Stopping the spread of invasive species

yellow sweet clover
The yellow sweet clover found at Badlands National Park, in South Dakota, is just one example of the invasive species that can force out native plants. (Julie Geiss photo)

Our trip home from Badlands National Park in South Dakota provided many hours for discussion about invasive species. We talked about different invasive species and how they spread quickly if left untreated.

A recurring theme of our conversations was that native plants have to compete for soil and water in order to survive. It was easy to make a correlation between the yellow sweet clover we saw in the national park and an invasive plant on our farm in Ohio.

Multiflora rose

Multiflora rose thickets form barricades in our woods with angry thorns that snag jackets and slice our skin. The sneaky and resilient plant attempts to take over favorite hiking trails and invades forest edges climbing as high as 10 to 15 feet. Native plants are choked out and pastures are penetrated which disrupts grazing.

When multiflora rose bushes were brought to the U.S., they were used as ornamental shrubs or as a living fence to contain livestock. Similar to the attractive yellow sweet clover found in the Badlands, multiflora rose has blooms that brighten up the landscape in summer months.

Deceptive beauty and sweet aromas are common themes in invasive plants. Another similarity is the viability of seeds. Multiflora rose seeds are viable for 20 years, and yellow sweet clover seeds are viable in the soil for 30 years. A single multiflora rose plant can produce half a million seeds.

Unfortunately, there are too many other examples of invasive species in our area. On our local hiking trips, we have spotted kudzu along trails. This plant is annihilating acres of forest land in the southern U.S. and has made its way north.

Southern naiad, also called bushy pondweed, slowed our trolling motor in Mosquito Lake. The aquatic plant is crowding out other natural aquatic grasses that fish prefer. After cleaning our motor twice, we went home empty handed. Local farmers in Ohio are trying to protect their crops from palmer amaranth, waterhemp and pigweed.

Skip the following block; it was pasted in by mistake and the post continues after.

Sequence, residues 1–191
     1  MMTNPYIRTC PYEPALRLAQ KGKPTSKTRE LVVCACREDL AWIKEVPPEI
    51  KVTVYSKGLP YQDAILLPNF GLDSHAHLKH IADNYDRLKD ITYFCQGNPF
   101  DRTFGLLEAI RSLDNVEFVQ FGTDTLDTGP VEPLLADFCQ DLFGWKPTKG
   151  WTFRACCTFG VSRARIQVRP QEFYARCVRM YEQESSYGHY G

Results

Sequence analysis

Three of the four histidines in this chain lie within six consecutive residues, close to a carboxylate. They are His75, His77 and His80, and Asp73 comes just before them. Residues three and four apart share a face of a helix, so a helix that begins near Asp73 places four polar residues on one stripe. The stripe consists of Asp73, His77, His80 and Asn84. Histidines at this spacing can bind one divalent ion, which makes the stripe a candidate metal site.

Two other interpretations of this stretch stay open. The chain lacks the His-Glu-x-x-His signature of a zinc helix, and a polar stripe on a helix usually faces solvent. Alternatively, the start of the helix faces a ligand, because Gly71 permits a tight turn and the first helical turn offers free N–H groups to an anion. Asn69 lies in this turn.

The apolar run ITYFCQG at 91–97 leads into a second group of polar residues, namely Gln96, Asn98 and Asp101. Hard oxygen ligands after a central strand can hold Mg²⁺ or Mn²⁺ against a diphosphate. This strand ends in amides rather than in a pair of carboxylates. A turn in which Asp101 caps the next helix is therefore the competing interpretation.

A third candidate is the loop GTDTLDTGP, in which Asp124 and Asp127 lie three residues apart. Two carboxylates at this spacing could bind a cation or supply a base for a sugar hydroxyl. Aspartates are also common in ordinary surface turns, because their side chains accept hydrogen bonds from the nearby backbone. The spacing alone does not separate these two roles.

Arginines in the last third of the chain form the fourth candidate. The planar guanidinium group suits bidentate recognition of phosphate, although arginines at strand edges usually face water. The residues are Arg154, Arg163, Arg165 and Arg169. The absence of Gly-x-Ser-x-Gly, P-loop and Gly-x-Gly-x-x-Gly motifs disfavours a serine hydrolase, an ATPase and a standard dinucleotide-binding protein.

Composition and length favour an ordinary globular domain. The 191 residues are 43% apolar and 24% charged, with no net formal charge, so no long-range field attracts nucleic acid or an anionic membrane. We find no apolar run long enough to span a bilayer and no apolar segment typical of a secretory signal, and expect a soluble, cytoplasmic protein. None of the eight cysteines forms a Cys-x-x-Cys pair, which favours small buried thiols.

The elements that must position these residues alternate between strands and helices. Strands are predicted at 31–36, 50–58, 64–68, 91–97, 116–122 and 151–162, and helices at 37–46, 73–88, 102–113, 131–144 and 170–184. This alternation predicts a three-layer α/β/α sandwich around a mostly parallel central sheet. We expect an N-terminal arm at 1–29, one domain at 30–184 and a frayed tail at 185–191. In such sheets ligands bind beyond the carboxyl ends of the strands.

Early detection

The adaptive management system used at Badlands National Park relies on early detection. Rapid response to an identified invasive species is the next step. The road to eradication of yellow sweet clover in the park takes multiple forms. The adaptive management plan includes prescribed burns and application of herbicides among other things. Ecologists monitor the success or failure of different treatments. Through monitoring and management, native plants can once again flourish and provide nourishing food for animals.

While trial, reflection and adjustment are integral parts of adaptive park management, the goal is preservation and protection of natural resources. Early detection is crucial in our area as well. Invasive species need to be stopped before becoming widespread. Luckily for us, we can easily be a part of early detection.

Smartphone app

The Great Lakes Early Detection Network (GLEDN) app allows people to report sightings of invasive species directly from their smartphones. The data is used to stop the destruction of agriculture, public lands and animal habitats by invasive species. Through early detection and rapid response, the spread can be slowed or stopped before becoming an extensive problem like kudzu.

We just let our boys chop at the multiflora rose with axes. For some unknown reason, they can be entertained by this for hours. One year, we experimented and fenced in our meat turkeys near a thicket of multiflora rose. They actually ate the entire plant.

However, there are better methods for eradication that are successful for other invasive plants as well. The most common treatments for invasive species include cutting or mowing, applying herbicides or controlled burning. Many circumstances need a combination of several methods to be effective.

America’s backyard is our national parks and farmlands; they are invaluable to our nation, and fast-growing invasive species are not welcome.

President Lyndon B. Johnson is quoted as saying, “If future generations are to remember us with gratitude rather than contempt, we must leave them something more than the miracles of technology. We must leave them a glimpse of the world as it was in the beginning, not just after we got through it.”

In our great country, this means sustaining native plants which ultimately enables animals to thrive.


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Julie Geiss lives with her husband and four children in Unity Township, Ohio. Faith and family are first in her life, but she also loves hiking, biking and camping. You can contact Julie at



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